Purpose

Sudden Infant Death Syndrome (SIDS) is the leading cause of death in children less than one year of age (one death for every 1250 births). Surely the impact of SIDS on parents and families is tragic. However the cause of this disease remains unknown. Our current understanding of SIDS involves unexplained abnormalities in the region of the brain that controls our automatic desire to breathe. In SIDS the nerve cells that comprise this brain region are decreased in number. Furthermore there is evidence of brain injury suggesting that some form of damage has previously occurred. Typically children who die from SIDS are laid down to sleep for the night and find themselves in sleeping positions that cause them to rebreathe spent air (e.g. face down). Without this automatic respiratory drive these infants fail to reposition themselves such that they can breathe fresh well-oxygenated air and they die of suffocation. The leading hypothesis for how SIDS related brain damage occurs is that there is a defect during brain development; however I will suggest that other mechanisms may be play. Bacteria release a substance called a toxin that causes damage to human cells. These bacterial toxins have also drawn attention in SIDS research. One toxin in particular made by the bacteria called Clostridium perfringens has been previously implicated. Interestingly researchers have found that Clostridium can be identified in the intestines of up to 81% children who died from SIDS compared to just 20% healthy infants. Furthermore damage to the intestine has been identified in 84% SIDS cases and can be recreated in an animal studies. Comparison of magnified images shows striking similarities between the intestinal damage present in children who died from SIDS and the intestinal damage found in experimental animals that have been exposed to toxin. How toxin may weaken the automatic desire to breathe in children who died from SIDS remains unknown. Data from our laboratory has identified that the cells responsible for our desire to breathe are susceptible to Clostridium toxin. Similarly our data also show that a virus called Rotavirus which causes infant diarrhea may also be involved. Briefly the brain cells involved in the automatic desire to breathe also express receptors for Rotavirus and one scientific study has shown evidence for Rotavirus infection in children who died from SIDS. These findings may explain how the brain damage in SIDS occurs. In light of our recent findings we wish to collect stool samples from healthy infants and compare them to children who died fromSIDS . We will assess and compare the presence of the Clostridium toxin and Rotavirus between SIDS and healthy infants. (Please note that frozen fecal samples from infants with SIDS were previously collected under the PIs protocol "Identification of Clostridium perfringens enterotoxin as a novel candidate trigger for SIDS" deemed as Not Human Subjects Research in Decemebr 2015.)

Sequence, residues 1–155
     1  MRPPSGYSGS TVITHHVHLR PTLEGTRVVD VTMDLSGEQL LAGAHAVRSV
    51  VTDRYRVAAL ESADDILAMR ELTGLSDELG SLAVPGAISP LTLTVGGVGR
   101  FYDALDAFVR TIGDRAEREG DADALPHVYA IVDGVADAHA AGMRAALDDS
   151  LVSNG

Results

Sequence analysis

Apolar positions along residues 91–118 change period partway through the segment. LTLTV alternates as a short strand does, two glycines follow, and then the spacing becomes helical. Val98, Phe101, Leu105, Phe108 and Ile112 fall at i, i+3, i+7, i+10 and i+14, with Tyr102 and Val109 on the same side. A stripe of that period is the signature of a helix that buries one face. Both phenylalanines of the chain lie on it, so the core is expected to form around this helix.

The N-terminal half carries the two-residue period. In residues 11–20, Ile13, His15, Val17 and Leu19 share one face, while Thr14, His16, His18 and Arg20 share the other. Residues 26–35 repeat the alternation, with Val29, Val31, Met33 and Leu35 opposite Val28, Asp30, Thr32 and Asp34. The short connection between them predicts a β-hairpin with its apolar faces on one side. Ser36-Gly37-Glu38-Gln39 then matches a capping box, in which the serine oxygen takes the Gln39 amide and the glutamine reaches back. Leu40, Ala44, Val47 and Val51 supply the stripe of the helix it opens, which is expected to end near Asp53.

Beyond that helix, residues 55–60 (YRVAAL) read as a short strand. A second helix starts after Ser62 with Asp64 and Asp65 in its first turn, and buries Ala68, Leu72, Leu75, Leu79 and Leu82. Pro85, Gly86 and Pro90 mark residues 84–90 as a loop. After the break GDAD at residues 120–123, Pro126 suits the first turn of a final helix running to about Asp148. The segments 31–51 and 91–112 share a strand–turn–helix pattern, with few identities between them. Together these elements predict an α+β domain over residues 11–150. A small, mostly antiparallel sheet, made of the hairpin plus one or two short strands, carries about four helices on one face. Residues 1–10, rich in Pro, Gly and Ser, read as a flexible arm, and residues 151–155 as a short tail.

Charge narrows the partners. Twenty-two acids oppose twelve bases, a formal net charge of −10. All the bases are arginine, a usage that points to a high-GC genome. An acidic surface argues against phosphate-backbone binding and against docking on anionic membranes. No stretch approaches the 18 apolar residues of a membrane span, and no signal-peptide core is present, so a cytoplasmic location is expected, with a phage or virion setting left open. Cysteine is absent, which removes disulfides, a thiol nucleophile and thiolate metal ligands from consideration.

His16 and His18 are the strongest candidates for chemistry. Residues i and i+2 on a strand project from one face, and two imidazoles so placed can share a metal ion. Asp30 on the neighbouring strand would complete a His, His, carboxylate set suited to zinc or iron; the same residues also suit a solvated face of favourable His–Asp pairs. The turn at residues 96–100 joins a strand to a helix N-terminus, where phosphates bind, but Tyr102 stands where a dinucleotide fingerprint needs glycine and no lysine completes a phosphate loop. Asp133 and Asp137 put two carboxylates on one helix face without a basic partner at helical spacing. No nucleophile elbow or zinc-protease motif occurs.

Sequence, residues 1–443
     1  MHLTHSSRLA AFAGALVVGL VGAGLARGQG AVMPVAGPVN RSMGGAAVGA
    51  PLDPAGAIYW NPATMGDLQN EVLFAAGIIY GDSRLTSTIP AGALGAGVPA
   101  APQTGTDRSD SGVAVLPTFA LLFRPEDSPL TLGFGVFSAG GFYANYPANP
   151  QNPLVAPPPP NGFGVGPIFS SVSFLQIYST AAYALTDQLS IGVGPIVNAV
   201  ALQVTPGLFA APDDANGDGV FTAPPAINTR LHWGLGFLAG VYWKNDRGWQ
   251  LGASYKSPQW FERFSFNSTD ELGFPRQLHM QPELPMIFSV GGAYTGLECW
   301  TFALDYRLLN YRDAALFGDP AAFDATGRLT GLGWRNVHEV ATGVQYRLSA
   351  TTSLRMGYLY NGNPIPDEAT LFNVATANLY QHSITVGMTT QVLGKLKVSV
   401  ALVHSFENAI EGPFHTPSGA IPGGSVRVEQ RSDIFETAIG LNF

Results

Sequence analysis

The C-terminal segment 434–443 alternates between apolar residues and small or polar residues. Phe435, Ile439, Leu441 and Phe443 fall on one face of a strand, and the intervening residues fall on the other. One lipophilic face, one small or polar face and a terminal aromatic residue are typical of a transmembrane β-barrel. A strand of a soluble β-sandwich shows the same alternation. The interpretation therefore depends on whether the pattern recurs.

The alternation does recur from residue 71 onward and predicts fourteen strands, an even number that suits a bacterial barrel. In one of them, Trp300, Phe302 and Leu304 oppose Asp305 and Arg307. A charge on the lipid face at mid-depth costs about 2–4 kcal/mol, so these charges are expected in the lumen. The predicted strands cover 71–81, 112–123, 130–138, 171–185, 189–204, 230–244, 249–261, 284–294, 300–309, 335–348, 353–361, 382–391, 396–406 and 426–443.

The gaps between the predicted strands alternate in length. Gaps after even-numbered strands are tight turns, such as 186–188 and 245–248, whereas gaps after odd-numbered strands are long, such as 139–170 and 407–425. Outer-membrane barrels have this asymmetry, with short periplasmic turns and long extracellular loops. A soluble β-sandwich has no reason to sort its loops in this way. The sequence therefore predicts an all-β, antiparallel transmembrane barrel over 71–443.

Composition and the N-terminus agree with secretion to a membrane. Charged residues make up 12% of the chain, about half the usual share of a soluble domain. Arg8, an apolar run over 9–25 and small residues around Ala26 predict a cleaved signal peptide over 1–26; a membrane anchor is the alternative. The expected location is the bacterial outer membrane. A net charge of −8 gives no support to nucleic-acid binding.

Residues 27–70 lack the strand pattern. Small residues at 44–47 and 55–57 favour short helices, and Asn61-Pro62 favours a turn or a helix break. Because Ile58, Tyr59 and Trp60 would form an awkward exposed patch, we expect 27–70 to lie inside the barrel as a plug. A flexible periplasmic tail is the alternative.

Condition

Eligibility

Eligible Ages
Between 0 and 1
Eligible Genders
All
Accepts Healthy Volunteers
Yes

Study Design

Phase
Study Type
Observational

More Details

Status
Recruiting
Sponsor
Rockefeller University

Study Contact

Recruitment Office
8007822737
rucares@rockefeller.edu

Notice

Study information shown on this site is derived from this institution's local clinical trials team. The listing of studies provided is not certain to be all studies for which you might be eligible. Furthermore, study eligibility requirements can be difficult to understand and may change over time, so it is wise to speak with your medical care provider and individual research study teams when making decisions related to participation.